Sinner’s Prayer Controversy
“If you want to go to heaven when you die, invite Jesus into your heart by praying this little prayer…”
There has been a tendency in ministry to short-cut and attract in order to provide the easiest possible agreement. Shorter church services, less depth in sermons and songs, familiarity with cultural tides, morning coffee, and stylish pastors have come under some fire from those desiring to keep the heart of Christianity… well, the heart of Christianity. Now there is nothing wrong with the things I just mentioned as long as they don’t replace theological truth and spiritual depth.
Coffee is just coffee, style is just style, etc. There is nothing inherently Christian or unchristian about it; they are preferences and tools for connecting. But the concern is that this “connect at all cost” habit has spilled over into more significant areas. There may not be a more significant area than the emotional peak of a church service or major event. The vulnerability of believers and unbelievers is probably maxing out. Believers are reassessing the certainty of their own salvation. Some of the unbelievers become aware of the reality of God and their need to turn their life toward Him. Then the leader, hoping to cover all the right bases, while also remaining convincing tries to articulate a simple, easy, and non-threatening invitation. Then he tries to reformulate a prayer that seemed to work pretty well in the past.
Here are some samples of what I’m talking about:
As believers move forward, they have a tendency to mimic these types of prayers, especially since they tend to come at a significant time.
Some of the prayers are more exhaustive than others; some are more biblically honorable than others. Before focusing on what is necessary to include, though, I want to focus on the method of drawing the individual. To tackle this point let me present one major premise: We don’t focus enough on truth. Most of the evangelistic invitations that I have heard have little to nothing to do with whether God is truly God and whether Jesus is truly who he claimed to be. Instead, they focus on the types of feelings that can be produced in a person. “Fill your void,” “Quench your thirst,” “Feel true joy,” “Don’t go to hell,” “Live the good life,” “Sleep better at night,” “Live sober,” “Be a better person…” On and on the alluring motives go. None of them is entirely false; the problem is, they generally don’t offer anything that another religion or lifestyle couldn’t also provoke (at least temporarily). Are we telling people to come to Jesus for merely pragmatic reasons, for selfish reasons, to belong, for better feelings, for an emotional boost? This is all putting the cart before the horse!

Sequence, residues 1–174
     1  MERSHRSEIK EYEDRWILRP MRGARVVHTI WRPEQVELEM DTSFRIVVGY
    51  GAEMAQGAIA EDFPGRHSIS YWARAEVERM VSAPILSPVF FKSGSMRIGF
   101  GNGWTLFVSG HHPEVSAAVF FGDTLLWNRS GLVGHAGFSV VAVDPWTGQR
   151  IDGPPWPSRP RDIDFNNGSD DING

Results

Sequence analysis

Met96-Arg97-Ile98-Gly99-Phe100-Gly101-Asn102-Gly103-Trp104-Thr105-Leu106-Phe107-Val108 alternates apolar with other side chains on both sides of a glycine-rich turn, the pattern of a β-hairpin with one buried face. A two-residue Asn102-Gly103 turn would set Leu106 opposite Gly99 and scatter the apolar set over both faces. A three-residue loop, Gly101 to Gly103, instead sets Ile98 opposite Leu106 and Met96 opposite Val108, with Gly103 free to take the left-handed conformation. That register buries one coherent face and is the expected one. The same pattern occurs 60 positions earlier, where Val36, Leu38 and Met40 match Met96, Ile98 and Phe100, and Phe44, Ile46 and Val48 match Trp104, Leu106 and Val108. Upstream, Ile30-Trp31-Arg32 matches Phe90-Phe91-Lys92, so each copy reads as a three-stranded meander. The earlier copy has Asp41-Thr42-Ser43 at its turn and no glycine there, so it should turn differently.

If Jesus really was who he claimed to be, if his death really accomplished what he, the apostles, and the grand meta-narrative of the Bible said it did—what would be the reasonable response? Shouldn’t it be more about what God deserves from each and every person than what the person can get out of the deal? Maybe I’m unique, but I care little about the temporary emotional satisfaction that a particular response or choice can make. I believe that it is more enduring and powerful to live your life according to reality. It’s no wonder that people are bringing questions against Christianity’s truth. We focus so much on its conveniences that the reality of the person of Jesus, the necessity and nature of God, and the objectivity of His truth are pushed aside until, like a seldom opened box stored in the attic, we neglect the beauty that is contained within it.
Now that I have made my stand for what I see as the most God-glorifying and truth-satisfying method for drawing people to God’s salvation, let me assess the fruit of what’s been happening. This is my second major premise: God uses less than ideal prayers and motives to draw people to Himself. It is fascinating and humbling fact that God would use what proves to be skewed intentions and questionable words to still bring about a salvific response in people. Even when the cart is before the horse, God uses the self-seeking motive to bring about the truth of His presence to people. It’s as if the person came to the restaurant wanting a cookie, but ended up being brought a filling meal. God uses these initial desires for fulfillment, but the person should not be satisfied with only those feeble intentions.
In questioning the motives behind the somewhat controversial sinner’s prayers, I hope that I have shown a better motive for bringing people to Christ. I hope we can continue to see God at work even through somewhat poor representations of His Gospel. Since God seems to extend this grace, I hope grace can be extended from Christians regarding what may be imperfect means of drawing people and articulating the message of God’s salvation. If God can’t use these imperfect representations… how could He use any of us? With that said, let’s do our part to get away from compromising theological integrity for cultural allurement.
In part 2, I’ll break down the essential parts of what a prayer toward salvation typically looks like compared to what it should look like.